We were introduced to the dispute between Susan Meiselas and Joy Garnet over Garnet’s apparent use of Meiselas’ work albeit in another medium and after significant reframing of “The Molotov Man”.
Although ultimately Susan Meiselas did not sue Garnett it led to questions being asked about what appropriation of others work, if any, should be considered acceptable. Appropriation is not a new phenomena – Sherrie Levine reproduced work by Walker Evans and in doing so raised the thorny question over the voice of the author. Today, appropriation is a widespread practice leading to questions around whether a photograph is ever a finished work. As William Mitchell explains as follows:
“The power of digital technology is to open up images to multiplicity, open-endedness and indeterminacy, could result in fictions that yielded new forms of understanding.”
Discussions on the forum this week were wide-ranging from those who simply did not think it acceptable for others to appropriate images to some that saw it as open season given that no image can be considered original – that all photographs have already been taken. Victor Burgin for example said:
“There is no point in making any new images.”
This might be a little disappointing for those of us that feel we still have a story to tell.
We were introduced to a large number of photographers engaging in different practises of appropriation. I was interested in the work of Joachim Schmid who takes a thematic approach to collating images. He has spent many years acquiring images (that he calls “found images”) from flea markets and searching for abandoned images in people’s rubbish.
He explains that:
“We all, more or less, take the same pictures and we don’t really think about that and we don’t learn how to do that at school and our parents don’t tell us, but somehow, we all end up taking the same pictures. I’m fascinated by that.”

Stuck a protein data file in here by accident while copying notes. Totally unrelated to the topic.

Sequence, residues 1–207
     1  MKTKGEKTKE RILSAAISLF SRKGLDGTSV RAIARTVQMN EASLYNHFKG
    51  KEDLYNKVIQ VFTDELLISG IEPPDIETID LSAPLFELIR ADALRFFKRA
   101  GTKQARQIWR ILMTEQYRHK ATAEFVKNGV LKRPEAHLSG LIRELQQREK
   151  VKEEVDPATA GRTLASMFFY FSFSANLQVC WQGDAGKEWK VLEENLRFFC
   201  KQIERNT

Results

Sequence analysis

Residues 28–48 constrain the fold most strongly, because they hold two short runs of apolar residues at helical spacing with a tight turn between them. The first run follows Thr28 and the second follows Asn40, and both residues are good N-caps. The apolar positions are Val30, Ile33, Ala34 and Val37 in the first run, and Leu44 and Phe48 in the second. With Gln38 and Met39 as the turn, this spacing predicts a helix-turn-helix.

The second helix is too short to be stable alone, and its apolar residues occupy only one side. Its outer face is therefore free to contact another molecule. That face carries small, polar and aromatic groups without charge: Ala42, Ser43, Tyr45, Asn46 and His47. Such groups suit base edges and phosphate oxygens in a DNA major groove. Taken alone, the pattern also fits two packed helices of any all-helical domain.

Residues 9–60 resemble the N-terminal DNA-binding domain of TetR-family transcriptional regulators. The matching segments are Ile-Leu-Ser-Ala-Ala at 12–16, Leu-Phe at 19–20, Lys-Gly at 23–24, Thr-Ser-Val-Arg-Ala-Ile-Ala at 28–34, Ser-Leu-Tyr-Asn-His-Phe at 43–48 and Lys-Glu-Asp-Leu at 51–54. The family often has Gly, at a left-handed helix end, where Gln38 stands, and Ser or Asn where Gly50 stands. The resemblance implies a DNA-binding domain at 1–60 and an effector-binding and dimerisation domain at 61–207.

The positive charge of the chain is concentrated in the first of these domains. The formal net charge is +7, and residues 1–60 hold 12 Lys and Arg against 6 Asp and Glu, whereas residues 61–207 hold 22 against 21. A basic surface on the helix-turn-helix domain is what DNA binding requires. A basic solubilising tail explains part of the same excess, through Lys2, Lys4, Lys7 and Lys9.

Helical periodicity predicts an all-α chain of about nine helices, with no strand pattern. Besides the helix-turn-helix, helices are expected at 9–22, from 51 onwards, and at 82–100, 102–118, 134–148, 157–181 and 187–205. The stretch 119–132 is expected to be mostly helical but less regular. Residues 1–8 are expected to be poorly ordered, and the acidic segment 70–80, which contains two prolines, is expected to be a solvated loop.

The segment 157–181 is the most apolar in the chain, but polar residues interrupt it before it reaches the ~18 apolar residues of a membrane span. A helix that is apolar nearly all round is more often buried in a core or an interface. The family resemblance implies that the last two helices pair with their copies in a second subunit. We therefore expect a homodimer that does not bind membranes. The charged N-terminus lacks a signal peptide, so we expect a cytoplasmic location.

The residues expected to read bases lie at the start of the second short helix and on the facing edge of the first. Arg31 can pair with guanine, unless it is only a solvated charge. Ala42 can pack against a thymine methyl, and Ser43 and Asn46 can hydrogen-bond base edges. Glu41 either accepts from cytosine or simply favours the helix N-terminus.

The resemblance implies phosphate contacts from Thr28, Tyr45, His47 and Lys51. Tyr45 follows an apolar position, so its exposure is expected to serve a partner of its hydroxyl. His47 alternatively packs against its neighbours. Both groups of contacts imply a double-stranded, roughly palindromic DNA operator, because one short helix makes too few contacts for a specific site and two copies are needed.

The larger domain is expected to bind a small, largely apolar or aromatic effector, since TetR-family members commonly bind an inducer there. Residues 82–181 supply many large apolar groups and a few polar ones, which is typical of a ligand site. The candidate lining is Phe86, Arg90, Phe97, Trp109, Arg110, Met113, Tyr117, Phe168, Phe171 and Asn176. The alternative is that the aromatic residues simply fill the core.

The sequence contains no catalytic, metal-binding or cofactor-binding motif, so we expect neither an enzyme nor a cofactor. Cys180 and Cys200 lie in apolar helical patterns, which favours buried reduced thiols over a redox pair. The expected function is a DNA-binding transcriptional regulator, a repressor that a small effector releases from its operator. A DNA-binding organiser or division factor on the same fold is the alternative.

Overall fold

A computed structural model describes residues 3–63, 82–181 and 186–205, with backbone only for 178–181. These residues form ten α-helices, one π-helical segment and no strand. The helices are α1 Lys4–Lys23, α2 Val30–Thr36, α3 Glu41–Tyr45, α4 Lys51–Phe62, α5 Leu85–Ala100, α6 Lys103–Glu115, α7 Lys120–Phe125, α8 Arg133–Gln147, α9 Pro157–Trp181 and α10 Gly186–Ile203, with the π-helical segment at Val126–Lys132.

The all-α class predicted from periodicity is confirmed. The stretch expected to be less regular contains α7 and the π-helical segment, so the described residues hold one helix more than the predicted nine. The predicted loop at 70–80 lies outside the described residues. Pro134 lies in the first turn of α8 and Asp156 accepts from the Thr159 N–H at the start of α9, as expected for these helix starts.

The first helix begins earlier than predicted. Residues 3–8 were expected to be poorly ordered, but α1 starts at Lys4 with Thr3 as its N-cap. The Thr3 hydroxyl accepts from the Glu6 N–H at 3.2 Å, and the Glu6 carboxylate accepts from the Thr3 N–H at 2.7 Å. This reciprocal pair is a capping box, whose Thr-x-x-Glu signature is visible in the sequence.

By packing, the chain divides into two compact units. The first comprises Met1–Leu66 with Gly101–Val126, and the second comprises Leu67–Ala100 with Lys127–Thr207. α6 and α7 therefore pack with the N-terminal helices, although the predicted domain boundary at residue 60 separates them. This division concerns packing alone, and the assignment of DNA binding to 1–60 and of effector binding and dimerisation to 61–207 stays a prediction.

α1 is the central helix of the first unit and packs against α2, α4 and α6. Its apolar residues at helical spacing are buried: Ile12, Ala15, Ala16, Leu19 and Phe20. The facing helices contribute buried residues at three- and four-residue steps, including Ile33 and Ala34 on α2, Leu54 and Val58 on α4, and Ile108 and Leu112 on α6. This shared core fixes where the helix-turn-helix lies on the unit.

The work of the hugely successful Robert Prince, who was the first photographer to sell an image for over $1m, has many critics. Prince took the professional work of Jim Braddy, who had taken a series of images of an American cowboy advertising Marlborough cigarettes, and cropped and refocused them.
Prince claims that “was not about stealing . . . more about claiming . . . I was the Director.” However, many disagree.
I also found the work of Penelope Umbrico very inspiring. She defends her appropriation strategy in her work “Suns from Sunsets from Flickr” (2006) as follows:
“I only use a tiny fragment of each image. The sun is often less than 5% of a much larger picture. What I end up with is not at all recognisable in relation to its original source. My cropping eliminates the point of view of the photographer and no context remains.”
The practice of remixing is less relevant to my practice although I was able to create some acknowledged clips for my teaser this week that was helpful. Having said that, I plan to take my own video to use in future productions of this type.
In summary, I remain sceptical about the ethics of appropriation and remixing but am realistic enough to understand it is a reality of the modern digital age. I think acknowledgement of the originator’s work should be given. On the other hand I am inspired by some of the work introduced this week and can see an interest for me in, for example, collecting and re-presenting collections of images about my home town of Tetbury for archival purposes.
Garnet, J and Meiselas, S (2007) On the Rights of the Molotov Man, Harpers Magazine
Mitchell, W J (1994) The Reconfiguted Eye: Visual Truth in the Post-Photographic Era, MIT Press, Cambridge